The associated timescales linked to these risks and opportunities are mostly long-term in nature. Therefore, our overall long-term view on the energy transition is very clear and relatively straight forward - that solar and wind will take over from fossil fuels and that the future belongs to alternative energy. However, the shorter- to mid-term perspective is more uncertain as energy transitions usually take decades to unfold.

Modern renewables are increasing in importance, but the only way to get to a short-term explosion in penetration rates is by revolutionary innovation. Alongside the increase in renewables we are still in a fossil fuel dependent world economy, where large users of fossil fuels in the steel, cement, plastics industries still are dependent on oil - therefore demand for oil will continue for years to come. That said, there are several dynamics at play besides demand, including the potential impact from carbon taxation, and changes in cost of capital as investors increasingly exclude fossil fuel investments - all factors that are important to take into consideration.

01.8 CC. Indicate whether the organisation publicly supports the TCFD?

Explain the rationale

In general, we see the TCFD as valuable recommendations that make sense to adhere to. Nevertheless, we are currently in the process of assessing the TCFD and implications the recommendation will have for us as an organisation before we publicly can support the TCFD. We expect this assessment process to be resolved in 2020.

01.9 CC. Indicate whether there is an organisation-wide strategy in place to identify and manage material climate-related risks and opportunities.

Describe how and over what time frame the organisation will implement an organisation-wide strategy that manages climate-related risks and opportunities.

Climate related risks and opportunities are discussed in the organisation on both management and board level on an ongoing basis. We have initiated a number of corporate/organisational initiatives which have been implemented and which also will be implemented going forward to manage climate-related risks. Our strategic efforts are being continuously updated and more formally in our annual CSR Report.

1.10 CC. Indicate the documents and/or communications the organisation uses to publish TCFD disclosures.

SG 02. Publicly available RI policy or guidance documents


02.1. Indicate which of your investment policy documents (if any) are publicly available. Provide a URL and an attachment of the document.









02.2. Indicate if any of your investment policy components are publicly available. Provide URL and an attachment of the document.

02.3. Additional information [Optional].

SG 03. Conflicts of interest

03.1. Indicate if your organisation has a policy on managing potential conflicts of interest in the investment process.

03.2. Describe your policy on managing potential conflicts of interest in the investment process.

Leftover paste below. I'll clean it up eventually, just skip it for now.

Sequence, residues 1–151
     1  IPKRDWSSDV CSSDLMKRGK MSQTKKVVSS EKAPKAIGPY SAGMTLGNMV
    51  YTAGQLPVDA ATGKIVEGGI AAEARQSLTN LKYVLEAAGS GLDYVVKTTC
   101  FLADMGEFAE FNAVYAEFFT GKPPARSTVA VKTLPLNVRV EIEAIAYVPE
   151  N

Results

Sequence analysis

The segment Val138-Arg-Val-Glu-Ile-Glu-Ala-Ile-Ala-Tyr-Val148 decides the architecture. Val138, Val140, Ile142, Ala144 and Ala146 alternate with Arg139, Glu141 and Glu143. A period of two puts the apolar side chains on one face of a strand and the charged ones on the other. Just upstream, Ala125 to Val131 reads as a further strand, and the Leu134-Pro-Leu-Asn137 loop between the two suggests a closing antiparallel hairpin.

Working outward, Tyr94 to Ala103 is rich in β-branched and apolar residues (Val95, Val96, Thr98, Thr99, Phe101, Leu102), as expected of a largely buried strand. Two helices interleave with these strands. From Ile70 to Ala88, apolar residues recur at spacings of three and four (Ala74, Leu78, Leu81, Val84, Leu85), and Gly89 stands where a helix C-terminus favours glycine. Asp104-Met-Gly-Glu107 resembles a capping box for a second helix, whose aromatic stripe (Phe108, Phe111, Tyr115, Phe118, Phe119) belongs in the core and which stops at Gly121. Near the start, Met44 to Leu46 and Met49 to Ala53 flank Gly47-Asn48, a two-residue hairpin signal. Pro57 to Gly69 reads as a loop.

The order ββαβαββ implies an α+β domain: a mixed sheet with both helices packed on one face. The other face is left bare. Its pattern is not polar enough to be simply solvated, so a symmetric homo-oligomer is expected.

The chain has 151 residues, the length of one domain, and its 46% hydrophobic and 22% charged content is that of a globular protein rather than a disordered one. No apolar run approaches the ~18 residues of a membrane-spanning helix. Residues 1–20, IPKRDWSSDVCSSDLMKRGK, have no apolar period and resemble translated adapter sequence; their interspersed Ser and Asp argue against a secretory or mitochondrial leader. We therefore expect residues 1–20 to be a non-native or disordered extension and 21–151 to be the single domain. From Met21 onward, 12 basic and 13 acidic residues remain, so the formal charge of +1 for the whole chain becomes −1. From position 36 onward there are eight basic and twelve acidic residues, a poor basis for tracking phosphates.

The policy sets out the general principles of identifying and handling conflicts of interest and a general description of the major areas where conflicts of interest may arise, in particular if the company or any person employed in the company:

  • Is likely to make a financial gain, or avoid a financial loss, at the expense of a client or an investor in a fund advised or managed by CWW AM.
  • Has an interest in the outcome of a service or an activity provided to a client or an investor in a fund advised or managed by CWW AM, or of a transaction carried out on behalf of one of these persons, which is distinct from their interest in that outcome.
  • Has a financial or other incentive to favour the interests of another client or fund over the interests of a client or fund; or the interest of one investor in a fund advised or managed by CWW AM over the interest of another investor in the same fund.
  • Carries out the same activities as a client or carries on the same activities for a fund advised or managed by CWW AM and for another client which is not a fund.

03.3. Additional information. [Optional]

SG 04. Identifying incidents occurring within portfolios

04.1. Indicate if your organisation has a process for identifying and managing incidents that occur within investee entities.

04.2. Describe your process on managing incidents

There is an ongoing and thorough screening process for violations of international conventions and norms for all our portfolios. We receive immediate notice if potential incidents are identified and how these are assessed and evolve.

Sustainalytics conducts engagement to resolve incidents. In addition to the engagement services from Sustainalytics we interact and engage on an ongoing basis directly with the companies we invest in.

The decision to engage an investee company in relation to a specific matter and the method of engagement is based on a proportionality of consideration of a number of factors, including the size of the shareholding in the investee company, the importance of the matter, the reliability of the data, the possibility of effecting the behaviour of the investee company, and the resources required to conduct the engagement.